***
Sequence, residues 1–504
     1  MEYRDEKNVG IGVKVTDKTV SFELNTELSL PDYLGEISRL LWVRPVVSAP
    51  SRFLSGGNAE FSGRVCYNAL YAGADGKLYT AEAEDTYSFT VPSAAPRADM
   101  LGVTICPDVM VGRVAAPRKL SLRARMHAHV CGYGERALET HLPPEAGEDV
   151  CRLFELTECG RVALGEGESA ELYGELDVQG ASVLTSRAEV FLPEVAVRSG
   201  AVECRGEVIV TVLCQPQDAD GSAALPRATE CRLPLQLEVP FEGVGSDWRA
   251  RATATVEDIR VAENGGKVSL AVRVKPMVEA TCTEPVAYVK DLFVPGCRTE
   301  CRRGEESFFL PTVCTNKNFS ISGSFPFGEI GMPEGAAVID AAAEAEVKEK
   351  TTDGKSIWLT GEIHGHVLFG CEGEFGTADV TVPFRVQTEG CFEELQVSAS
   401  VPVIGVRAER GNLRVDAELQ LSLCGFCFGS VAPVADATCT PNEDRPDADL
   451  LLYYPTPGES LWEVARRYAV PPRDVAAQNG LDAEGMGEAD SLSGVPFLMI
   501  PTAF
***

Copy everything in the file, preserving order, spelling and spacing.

Sequence, residues 1–504
     1  MEYRDEKNVG IGVKVTDKTV SFELNTELSL PDYLGEISRL LWVRPVVSAP
    51  SRFLSGGNAE FSGRVCYNAL YAGADGKLYT AEAEDTYSFT VPSAAPRADM
   101  LGVTICPDVM VGRVAAPRKL SLRARMHAHV CGYGERALET HLPPEAGEDV
   151  CRLFELTECG RVALGEGESA ELYGELDVQG ASVLTSRAEV FLPEVAVRSG
   201  AVECRGEVIV TVLCQPQDAD GSAALPRATE CRLPLQLEVP FEGVGSDWRA
   251  RATATVEDIR VAENGGKVSL AVRVKPMVEA TCTEPVAYVK DLFVPGCRTE
   301  CRRGEESFFL PTVCTNKNFS ISGSFPFGEI GMPEGAAVID AAAEAEVKEK
   351  TTDGKSIWLT GEIHGHVLFG CEGEFGTADV TVPFRVQTEG CFEELQVSAS
   401  VPVIGVRAER GNLRVDAELQ LSLCGFCFGS VAPVADATCT PNEDRPDADL
   451  LLYYPTPGES LWEVARRYAV PPRDVAAQNG LDAEGMGEAD SLSGVPFLMI
   501  PTAF